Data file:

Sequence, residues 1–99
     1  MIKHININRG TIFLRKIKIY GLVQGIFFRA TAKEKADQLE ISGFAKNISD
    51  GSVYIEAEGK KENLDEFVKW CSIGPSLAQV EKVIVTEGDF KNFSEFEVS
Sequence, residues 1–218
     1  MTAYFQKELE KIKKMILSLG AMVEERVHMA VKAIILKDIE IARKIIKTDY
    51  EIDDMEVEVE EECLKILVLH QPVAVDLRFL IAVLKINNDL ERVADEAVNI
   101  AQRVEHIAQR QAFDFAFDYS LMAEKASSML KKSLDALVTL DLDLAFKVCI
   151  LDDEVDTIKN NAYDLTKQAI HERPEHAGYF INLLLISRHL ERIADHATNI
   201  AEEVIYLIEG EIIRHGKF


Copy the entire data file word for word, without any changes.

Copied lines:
Sequence, residues 1–99
     1  MIKHININRG TIFLRKIKIY GLVQGIFFRA TAKEKADQLE ISGFAKNISD
    51  GSVYIEAEGK KENLDEFVKW CSIGPSLAQV EKVIVTEGDF KNFSEFEVS
Sequence, residues 1–218
     1  MTAYFQKELE KIKKMILSLG AMVEERVHMA VKAIILKDIE IARKIIKTDY
    51  EIDDMEVEVE EECLKILVLH QPVAVDLRFL IAVLKINNDL ERVADEAVNI
   101  AQRVEHIAQR QAFDFAFDYS LMAEKASSML KKSLDALVTL DLDLAFKVCI
   151  LDDEVDTIKN NAYDLTKQAI HERPEHAGYF INLLLISRHL ERIADHATNI
   201  AEEVIYLIEG EIIRHGKF